Selling Protection Plans for Profit

Still, this doesn’t completely explain away the tremendous range of prices we’ve found. With 600 data points from SquareTrade so far, we’ve found the average price of protection to be 17% of the product’s price, but the range goes from 2.3% all the way to 45%. We think the most substantial reason for the difference is the amount of sales commission and markup wrapped into the price of protection.

In Figures 3 and 4, we’ve taken the 327 measurements gathered from 12 SquareTrade-affiliated retailers (Toys R Us did not sell any three-year plans) and split them into two groups of six retailers each. We’d do the same for two-, four- and five-year plans, but there’s enough data here to illustrate what we’ve found: some retailers charge more for protection plans, even when the protection is the same.

In Figure 4, one of the consistently most expensive service contract retailers is across the top of the chart. Out of the 28 Crutchfield protection plan offers we’ve seen, 24 of them were priced at more than 17% of the product’s price.

At the other extreme is Costco, where we’ve seen 15 protection plans, of which all but two were priced below that 17% average for all SquareTrade plans. B&H didn’t fare too badly either, with around a quarter of its plans above the average price and more than three-quarters below it.

 

Figure 4

 

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Abt, eBay, and Amazon.com were somewhere in the middle. But still, less than half their protection plans were priced above average, suggesting that their markup might not be as steep as Crutchfield’s.

In Figure 5, we’re looking at six more SquareTrade clients. And once again, the high-priced protection plans rise to the top. Because of their numerical superiority, Rakuten.com and QVC are the most prominent across the top of Figure 5, but Office Depot is actually the company with the highest prices. Out of 31 total product-protection pairs, 22 of Office Depot’s were priced above 17% of the product’s price. That’s more than 70% above the median.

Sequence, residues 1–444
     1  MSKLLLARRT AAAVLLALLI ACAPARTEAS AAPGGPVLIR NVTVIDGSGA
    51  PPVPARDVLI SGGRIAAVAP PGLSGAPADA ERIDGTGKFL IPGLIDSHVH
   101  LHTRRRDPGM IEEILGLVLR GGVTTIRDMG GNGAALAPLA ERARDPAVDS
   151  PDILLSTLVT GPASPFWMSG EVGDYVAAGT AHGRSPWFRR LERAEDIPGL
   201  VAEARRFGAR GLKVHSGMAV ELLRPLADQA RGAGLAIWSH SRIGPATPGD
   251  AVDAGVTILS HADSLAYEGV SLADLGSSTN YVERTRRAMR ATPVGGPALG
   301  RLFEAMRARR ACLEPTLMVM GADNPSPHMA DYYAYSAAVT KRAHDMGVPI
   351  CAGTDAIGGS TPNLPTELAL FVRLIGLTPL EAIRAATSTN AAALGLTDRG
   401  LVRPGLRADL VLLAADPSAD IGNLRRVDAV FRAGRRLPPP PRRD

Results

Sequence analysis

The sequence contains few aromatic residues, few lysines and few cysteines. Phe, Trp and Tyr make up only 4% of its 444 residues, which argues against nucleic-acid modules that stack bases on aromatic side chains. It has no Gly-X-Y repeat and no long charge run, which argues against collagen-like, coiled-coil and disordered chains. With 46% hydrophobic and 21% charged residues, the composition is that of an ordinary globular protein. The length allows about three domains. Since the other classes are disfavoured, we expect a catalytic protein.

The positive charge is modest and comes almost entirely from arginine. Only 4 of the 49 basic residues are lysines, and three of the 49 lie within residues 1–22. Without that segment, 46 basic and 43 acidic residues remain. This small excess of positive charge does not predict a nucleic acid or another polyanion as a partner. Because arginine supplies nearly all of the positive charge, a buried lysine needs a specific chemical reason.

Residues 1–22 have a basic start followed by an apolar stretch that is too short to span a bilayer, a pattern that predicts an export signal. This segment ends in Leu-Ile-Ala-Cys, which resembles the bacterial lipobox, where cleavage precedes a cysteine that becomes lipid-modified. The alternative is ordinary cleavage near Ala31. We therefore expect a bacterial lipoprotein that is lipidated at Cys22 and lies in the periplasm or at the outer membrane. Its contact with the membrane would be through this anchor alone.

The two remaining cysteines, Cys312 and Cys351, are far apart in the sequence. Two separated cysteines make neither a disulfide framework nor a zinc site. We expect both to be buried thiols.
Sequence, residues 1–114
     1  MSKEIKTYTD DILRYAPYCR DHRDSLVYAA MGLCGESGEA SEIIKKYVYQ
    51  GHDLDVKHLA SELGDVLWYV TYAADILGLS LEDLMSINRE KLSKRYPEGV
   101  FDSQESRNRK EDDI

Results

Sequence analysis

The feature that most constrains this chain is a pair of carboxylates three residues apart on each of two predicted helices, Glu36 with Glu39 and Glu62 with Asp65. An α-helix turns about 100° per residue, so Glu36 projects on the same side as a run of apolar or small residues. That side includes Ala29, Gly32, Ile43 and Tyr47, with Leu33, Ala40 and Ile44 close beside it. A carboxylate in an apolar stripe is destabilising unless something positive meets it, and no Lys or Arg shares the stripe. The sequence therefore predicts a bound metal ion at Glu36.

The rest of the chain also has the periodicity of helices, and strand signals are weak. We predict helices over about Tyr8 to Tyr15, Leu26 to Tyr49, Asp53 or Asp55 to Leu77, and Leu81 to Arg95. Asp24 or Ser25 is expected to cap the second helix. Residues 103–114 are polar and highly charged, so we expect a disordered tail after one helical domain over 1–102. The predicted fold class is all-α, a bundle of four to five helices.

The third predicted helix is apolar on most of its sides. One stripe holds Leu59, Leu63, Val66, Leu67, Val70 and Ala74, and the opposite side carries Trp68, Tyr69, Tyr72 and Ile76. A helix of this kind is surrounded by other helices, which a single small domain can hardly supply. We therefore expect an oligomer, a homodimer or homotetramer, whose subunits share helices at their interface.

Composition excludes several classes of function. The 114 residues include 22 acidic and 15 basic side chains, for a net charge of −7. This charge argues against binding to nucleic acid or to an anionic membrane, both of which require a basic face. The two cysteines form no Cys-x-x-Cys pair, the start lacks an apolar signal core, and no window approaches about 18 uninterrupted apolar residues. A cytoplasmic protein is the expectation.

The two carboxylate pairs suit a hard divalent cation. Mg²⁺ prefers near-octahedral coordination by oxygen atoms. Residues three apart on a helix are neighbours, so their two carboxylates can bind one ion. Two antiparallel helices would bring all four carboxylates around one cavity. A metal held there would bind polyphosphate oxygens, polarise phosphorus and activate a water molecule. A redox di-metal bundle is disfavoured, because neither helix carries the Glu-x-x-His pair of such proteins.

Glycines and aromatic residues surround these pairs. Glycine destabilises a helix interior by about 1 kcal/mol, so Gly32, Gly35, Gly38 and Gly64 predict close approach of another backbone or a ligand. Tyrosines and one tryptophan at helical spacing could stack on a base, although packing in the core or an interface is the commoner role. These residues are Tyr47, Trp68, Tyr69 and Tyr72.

Lowest Prices

The lowest-priced provider of all was Staples, with only three out of its 40 pairings priced above average. That’s remarkable, because besides sharing SquareTrade with Office Depot, it very nearly merged with its office supply rival a year ago until the U.S. government moved to block the deal. Yet they are respectively among the most and least expensive of the SquareTrade retail clients when it comes to protection plan pricing.

 

Figure 5

 

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Toys R Us, which didn’t make either chart (they don’t sell any three-year plans and sell very little merchandise that’s eligible for service contract coverage anyhow) has the distinction of pricing every single protection plan we’ve seen above average. Yes, all six of the plans we’ve seen so far were above 17%. In fact, one of them wanted $50 to protect a $110 Epson printer for only two years. That’s more than 45%.